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stench

[stench]
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noun
  1. an offensive smell or odor; stink.
  2. a foul quality.

Origin of stench

before 900; Middle English; Old English stenc odor (good or bad); akin to stink
Related formsstench·ful, adjective

Synonyms

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See odor.
Dictionary.com Unabridged Based on the Random House Unabridged Dictionary, © Random House, Inc. 2018

Examples from the Web for stench

Contemporary Examples

Historical Examples

  • The dust, the smoke, and the stench of the powder were suffocating.

  • Fog, and drizzle, and smoke, and stench composed the atmosphere.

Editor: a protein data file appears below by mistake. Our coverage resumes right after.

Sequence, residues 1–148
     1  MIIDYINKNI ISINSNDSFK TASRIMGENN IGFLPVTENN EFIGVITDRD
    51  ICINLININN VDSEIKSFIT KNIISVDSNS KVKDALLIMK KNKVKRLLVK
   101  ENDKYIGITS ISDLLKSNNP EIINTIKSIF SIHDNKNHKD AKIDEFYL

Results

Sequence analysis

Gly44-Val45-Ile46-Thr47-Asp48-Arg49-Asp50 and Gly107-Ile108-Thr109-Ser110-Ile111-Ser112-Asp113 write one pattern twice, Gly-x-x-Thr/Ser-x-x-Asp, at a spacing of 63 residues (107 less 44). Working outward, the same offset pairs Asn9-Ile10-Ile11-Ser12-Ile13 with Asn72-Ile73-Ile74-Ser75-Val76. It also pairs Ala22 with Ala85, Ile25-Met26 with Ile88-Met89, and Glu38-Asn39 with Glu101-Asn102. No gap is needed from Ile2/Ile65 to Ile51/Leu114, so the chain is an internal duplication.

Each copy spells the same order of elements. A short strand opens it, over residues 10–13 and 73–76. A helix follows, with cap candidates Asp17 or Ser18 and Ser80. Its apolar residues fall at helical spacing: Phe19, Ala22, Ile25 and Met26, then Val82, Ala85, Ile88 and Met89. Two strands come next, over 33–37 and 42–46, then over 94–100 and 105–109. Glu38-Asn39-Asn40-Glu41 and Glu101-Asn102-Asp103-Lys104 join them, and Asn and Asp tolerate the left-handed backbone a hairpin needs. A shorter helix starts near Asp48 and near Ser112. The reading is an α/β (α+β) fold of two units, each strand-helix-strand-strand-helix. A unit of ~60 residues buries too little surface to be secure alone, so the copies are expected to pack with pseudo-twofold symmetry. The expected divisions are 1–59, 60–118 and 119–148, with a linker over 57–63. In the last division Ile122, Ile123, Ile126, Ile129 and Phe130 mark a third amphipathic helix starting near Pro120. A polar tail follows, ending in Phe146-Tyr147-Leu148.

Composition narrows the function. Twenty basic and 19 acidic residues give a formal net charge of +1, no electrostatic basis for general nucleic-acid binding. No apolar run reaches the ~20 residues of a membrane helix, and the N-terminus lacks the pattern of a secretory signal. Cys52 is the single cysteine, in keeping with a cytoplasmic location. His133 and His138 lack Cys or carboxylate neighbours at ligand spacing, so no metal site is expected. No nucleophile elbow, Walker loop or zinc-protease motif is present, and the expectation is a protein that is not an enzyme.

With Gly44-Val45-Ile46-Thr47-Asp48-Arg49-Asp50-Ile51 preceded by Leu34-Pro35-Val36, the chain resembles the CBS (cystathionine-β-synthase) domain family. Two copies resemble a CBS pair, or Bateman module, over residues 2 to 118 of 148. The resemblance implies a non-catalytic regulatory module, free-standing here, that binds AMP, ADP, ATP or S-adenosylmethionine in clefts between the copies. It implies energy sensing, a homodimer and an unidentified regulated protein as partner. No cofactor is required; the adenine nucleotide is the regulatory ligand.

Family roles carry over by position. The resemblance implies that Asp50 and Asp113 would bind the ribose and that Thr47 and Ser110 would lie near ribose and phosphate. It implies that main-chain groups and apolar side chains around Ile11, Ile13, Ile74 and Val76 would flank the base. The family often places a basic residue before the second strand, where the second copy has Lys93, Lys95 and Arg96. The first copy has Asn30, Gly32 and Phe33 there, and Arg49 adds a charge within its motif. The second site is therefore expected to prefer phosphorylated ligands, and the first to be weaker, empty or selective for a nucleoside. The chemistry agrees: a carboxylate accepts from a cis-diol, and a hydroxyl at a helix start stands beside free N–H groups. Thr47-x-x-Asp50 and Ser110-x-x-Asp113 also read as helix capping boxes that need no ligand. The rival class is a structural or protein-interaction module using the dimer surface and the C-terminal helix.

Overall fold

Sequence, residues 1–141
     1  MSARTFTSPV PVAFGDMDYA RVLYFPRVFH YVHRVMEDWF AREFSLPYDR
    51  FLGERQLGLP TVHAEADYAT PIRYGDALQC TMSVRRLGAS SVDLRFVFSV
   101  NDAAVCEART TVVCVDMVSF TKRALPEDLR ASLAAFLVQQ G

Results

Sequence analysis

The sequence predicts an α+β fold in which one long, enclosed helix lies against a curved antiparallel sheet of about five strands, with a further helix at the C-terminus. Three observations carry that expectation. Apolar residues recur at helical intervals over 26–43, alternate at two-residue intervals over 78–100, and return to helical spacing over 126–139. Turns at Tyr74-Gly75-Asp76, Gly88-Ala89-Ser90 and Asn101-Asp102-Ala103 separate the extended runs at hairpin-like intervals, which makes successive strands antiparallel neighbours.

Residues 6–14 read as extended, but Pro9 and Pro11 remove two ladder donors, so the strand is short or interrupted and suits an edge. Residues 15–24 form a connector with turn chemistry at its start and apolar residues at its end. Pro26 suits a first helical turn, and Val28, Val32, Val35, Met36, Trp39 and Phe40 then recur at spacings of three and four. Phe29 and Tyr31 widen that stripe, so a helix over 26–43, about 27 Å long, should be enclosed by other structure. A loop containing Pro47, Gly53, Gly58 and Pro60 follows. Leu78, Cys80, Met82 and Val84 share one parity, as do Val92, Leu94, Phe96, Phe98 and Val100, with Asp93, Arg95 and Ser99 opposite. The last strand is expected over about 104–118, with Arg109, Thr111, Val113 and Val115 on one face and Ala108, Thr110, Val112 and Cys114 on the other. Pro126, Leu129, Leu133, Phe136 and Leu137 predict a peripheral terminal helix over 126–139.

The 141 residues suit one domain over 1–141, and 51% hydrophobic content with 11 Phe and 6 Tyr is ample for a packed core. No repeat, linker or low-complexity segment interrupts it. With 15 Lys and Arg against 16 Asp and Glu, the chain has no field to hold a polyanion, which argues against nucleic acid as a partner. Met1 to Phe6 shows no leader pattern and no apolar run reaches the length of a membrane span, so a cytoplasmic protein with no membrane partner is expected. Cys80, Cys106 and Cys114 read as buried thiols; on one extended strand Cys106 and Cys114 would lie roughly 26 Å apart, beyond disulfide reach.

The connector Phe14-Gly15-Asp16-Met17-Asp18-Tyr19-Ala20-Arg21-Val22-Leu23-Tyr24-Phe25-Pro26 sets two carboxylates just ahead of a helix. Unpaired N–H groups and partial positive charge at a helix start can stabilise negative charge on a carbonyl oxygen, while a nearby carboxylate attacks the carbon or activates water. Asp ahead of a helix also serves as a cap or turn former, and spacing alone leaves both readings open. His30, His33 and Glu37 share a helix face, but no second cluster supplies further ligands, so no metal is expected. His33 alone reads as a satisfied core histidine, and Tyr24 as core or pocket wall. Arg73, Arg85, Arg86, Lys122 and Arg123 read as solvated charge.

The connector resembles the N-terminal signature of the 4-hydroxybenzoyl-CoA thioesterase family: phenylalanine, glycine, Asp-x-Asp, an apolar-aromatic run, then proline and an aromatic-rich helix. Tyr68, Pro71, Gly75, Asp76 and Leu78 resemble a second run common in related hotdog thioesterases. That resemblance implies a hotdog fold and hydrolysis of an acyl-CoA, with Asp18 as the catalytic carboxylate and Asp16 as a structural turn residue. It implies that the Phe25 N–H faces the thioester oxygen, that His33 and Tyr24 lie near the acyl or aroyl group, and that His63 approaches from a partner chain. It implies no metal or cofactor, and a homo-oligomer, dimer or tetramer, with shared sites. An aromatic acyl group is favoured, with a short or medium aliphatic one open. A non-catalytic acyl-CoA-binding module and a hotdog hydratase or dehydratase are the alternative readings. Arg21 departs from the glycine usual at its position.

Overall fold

David Elginbrod

    George MacDonald

  • Stench of fat kitchens, of soft bubbling alleys, of gleaming refuse.

    Erik Dorn

    Ben Hecht

  • And I don't like the stench of that kind of cop in my place.

    Police Your Planet

    Lester del Rey

  • At the vesper hour, there came an eighth, the stench of which was horrible.

    Thais

    Anatole France


British Dictionary definitions for stench

stench

noun
  1. a strong and extremely offensive odour; stink

Word Origin

Old English stenc; related to Old Saxon, Old High German stank; see stink
Collins English Dictionary - Complete & Unabridged 2012 Digital Edition © William Collins Sons & Co. Ltd. 1979, 1986 © HarperCollins Publishers 1998, 2000, 2003, 2005, 2006, 2007, 2009, 2012

Word Origin and History for stench

n.

Old English stenc "a smell" (either pleasant or unpleasant), from Proto-Germanic *stankwiz (cf. Old Saxon stanc, Old High German stanch, German stank). Related to stincan "emit a smell" (see stink) as drench is to drink. The notion of "evil smell" predominated from c.1200.

Online Etymology Dictionary, © 2010 Douglas Harper